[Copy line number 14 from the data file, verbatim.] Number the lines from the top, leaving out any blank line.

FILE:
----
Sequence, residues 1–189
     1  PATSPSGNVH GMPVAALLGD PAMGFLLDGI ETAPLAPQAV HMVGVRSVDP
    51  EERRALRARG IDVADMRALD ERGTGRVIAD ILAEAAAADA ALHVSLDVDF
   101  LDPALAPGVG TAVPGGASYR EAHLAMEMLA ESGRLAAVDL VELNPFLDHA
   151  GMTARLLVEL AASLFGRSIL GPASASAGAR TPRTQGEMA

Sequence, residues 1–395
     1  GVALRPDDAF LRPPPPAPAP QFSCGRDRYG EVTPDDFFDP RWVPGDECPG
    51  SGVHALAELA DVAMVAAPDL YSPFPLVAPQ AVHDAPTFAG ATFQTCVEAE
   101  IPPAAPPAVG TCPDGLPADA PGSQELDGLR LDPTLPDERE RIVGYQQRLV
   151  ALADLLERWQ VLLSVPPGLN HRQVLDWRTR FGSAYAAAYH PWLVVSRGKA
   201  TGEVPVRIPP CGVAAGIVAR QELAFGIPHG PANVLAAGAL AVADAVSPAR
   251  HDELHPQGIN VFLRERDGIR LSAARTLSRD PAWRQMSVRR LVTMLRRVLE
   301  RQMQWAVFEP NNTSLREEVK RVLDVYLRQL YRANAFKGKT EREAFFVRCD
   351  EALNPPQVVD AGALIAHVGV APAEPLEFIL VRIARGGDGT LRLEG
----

   351  EALNPPQVVD AGALIAHVGV APAEPLEFIL VRIARGGDGT LRLEG